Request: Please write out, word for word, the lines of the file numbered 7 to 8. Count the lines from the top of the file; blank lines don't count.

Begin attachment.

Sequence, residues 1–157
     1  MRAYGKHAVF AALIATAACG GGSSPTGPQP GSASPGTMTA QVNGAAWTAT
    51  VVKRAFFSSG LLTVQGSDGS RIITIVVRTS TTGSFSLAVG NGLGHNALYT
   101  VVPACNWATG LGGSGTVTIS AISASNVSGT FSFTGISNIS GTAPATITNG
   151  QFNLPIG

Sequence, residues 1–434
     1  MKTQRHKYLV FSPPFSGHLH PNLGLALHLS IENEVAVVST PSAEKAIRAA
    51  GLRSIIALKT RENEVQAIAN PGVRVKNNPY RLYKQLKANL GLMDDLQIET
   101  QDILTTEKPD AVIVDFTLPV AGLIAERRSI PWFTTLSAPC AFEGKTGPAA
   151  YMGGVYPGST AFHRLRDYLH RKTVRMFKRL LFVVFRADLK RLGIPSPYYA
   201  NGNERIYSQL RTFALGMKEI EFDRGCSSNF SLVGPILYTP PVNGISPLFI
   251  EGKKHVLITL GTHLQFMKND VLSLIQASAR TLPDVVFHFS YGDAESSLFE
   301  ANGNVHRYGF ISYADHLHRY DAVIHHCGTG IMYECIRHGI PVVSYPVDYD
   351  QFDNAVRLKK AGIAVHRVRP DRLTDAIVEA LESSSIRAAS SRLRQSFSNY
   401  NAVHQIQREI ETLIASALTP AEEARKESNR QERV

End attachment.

     1  MKTQRHKYLV FSPPFSGHLH PNLGLALHLS IENEVAVVST PSAEKAIRAA
    51  GLRSIIALKT RENEVQAIAN PGVRVKNNPY RLYKQLKANL GLMDDLQIET